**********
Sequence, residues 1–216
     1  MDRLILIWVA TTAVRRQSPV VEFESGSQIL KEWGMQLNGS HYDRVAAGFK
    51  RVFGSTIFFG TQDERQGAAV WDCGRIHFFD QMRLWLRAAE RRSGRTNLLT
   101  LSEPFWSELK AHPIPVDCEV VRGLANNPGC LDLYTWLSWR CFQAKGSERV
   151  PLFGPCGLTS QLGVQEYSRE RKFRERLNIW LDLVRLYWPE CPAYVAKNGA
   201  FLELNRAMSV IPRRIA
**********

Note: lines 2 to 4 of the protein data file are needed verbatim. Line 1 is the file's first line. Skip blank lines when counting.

     1  MDRLILIWVA TTAVRRQSPV VEFESGSQIL KEWGMQLNGS HYDRVAAGFK
    51  RVFGSTIFFG TQDERQGAAV WDCGRIHFFD QMRLWLRAAE RRSGRTNLLT
   101  LSEPFWSELK AHPIPVDCEV VRGLANNPGC LDLYTWLSWR CFQAKGSERV